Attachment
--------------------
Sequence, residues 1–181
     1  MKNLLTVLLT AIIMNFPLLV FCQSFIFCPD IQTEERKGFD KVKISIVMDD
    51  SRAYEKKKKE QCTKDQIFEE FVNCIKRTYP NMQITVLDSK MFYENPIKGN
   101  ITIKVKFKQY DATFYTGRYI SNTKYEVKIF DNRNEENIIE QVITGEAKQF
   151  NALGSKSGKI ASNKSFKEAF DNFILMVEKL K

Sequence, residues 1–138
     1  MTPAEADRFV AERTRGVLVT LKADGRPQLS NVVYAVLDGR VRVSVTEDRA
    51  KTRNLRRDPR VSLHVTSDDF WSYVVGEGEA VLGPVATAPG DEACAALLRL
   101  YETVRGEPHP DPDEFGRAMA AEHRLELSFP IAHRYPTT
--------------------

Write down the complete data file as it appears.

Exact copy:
Sequence, residues 1–181
     1  MKNLLTVLLT AIIMNFPLLV FCQSFIFCPD IQTEERKGFD KVKISIVMDD
    51  SRAYEKKKKE QCTKDQIFEE FVNCIKRTYP NMQITVLDSK MFYENPIKGN
   101  ITIKVKFKQY DATFYTGRYI SNTKYEVKIF DNRNEENIIE QVITGEAKQF
   151  NALGSKSGKI ASNKSFKEAF DNFILMVEKL K

Sequence, residues 1–138
     1  MTPAEADRFV AERTRGVLVT LKADGRPQLS NVVYAVLDGR VRVSVTEDRA
    51  KTRNLRRDPR VSLHVTSDDF WSYVVGEGEA VLGPVATAPG DEACAALLRL
   101  YETVRGEPHP DPDEFGRAMA AEHRLELSFP IAHRYPTT